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Steven Adams admits he tries to ‘annoy’ other NBA big men in latest book

Oklahoma City Thunder v Golden State Warriors

OAKLAND, CA - FEBRUARY 06: Steven Adams #12 of the Oklahoma City Thunder reacts after he was called for a foul against the Golden State Warriors during the first half of their NBA basketball game at ORACLE Arena on February 6, 2018 in Oakland, California. NOTE TO USER: User expressly acknowledges and agrees that, by downloading and or using this photograph, User is consenting to the terms and conditions of the Getty Images License Agreement. (Photo by Thearon W. Henderson/Getty Images)

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Steven Adams is an excellent player for the Oklahoma City Thunder. He has also been involved in several altercations over the years, including many in which his opponent has been ejected.

So why is that?

Writing in his new autobiography, Adams attempted to detail why he thought opposing NBA players had such an issue with him on the floor. Basically, Adams said that it started out as a simple issue of a rookie big man learning not to foul so much, and evolved from there.

Well, that and Adams also admitted that he tried to annoy guys to get their motor going.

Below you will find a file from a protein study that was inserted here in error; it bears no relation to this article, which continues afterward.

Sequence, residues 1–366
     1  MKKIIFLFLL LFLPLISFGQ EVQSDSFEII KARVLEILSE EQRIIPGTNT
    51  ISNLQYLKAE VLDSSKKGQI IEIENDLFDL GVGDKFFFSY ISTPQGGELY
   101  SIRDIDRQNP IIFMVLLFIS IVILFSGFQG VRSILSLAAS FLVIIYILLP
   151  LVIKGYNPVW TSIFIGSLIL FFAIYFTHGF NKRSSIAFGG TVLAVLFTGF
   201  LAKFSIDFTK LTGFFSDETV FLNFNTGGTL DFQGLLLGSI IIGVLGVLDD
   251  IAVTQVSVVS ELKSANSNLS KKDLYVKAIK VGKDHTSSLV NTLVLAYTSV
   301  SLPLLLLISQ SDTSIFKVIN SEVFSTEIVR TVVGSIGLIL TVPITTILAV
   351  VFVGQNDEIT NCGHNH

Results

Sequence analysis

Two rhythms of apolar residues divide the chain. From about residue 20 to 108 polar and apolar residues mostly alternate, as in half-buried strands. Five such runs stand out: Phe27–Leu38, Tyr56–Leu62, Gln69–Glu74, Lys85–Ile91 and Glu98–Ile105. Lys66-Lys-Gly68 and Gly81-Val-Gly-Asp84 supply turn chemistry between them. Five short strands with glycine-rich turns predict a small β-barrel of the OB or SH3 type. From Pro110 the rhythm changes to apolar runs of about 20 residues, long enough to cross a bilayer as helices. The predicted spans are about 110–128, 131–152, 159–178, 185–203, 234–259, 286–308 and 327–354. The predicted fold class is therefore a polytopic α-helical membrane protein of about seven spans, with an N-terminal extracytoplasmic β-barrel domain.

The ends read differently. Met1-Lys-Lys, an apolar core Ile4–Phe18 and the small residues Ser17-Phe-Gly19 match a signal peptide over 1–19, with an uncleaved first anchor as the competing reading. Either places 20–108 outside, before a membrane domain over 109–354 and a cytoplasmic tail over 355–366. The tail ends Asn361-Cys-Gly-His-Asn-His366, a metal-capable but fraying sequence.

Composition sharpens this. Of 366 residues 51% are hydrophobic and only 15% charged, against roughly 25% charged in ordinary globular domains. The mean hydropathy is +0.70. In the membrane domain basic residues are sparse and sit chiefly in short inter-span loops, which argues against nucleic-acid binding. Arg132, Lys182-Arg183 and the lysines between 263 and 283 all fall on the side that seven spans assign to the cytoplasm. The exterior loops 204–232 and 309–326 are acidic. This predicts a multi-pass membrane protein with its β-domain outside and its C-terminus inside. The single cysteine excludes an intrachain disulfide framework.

Via The Spinoff:

I didn’t understand how all these players could react so aggressively to me all the time. I figured they must all have grown up as only children. Anyone who grew up with a bunch of siblings knows that parents are basically just refs for the first 10 years of your life. The trick was to annoy your siblings as much as you could without being caught by your household ref. Nudge them, bump them, stand in their way, but insist you’re not touching them.

These are all little kiddie moves that work just as well on the basketball court. At home, if you cracked first and tried to punch your sibling in front of your parents, everyone got a hiding. But on the basketball court, if you lose your cool first, you’re usually the only one who gets punished.


I think what took those veterans by surprise was that I was a mere rookie and yet had the gall to annoy them and make them crack. I think some of them considered it disrespectful of me or some sort of dirty tactic. No, it was just that in that particular aspect of the game I’d had a lifetime of practice. When I started in the NBA I was already a veteran in taking hits.

So there you have it. Adams, writing in a bit of a coy fashion, admits that he does try to get on the nerves of noted NBA big men. However, whatever he does certainly seems to work. Adams is one of the best young forwards in the game, and his aggressive style bodes well for the Thunder on both ends of the floor.

Adams’ book, Steven Adams: My Life, My Fight, is out now in New Zealand for a whopping $40. It will be available on Amazon on October 9 in the U.S.

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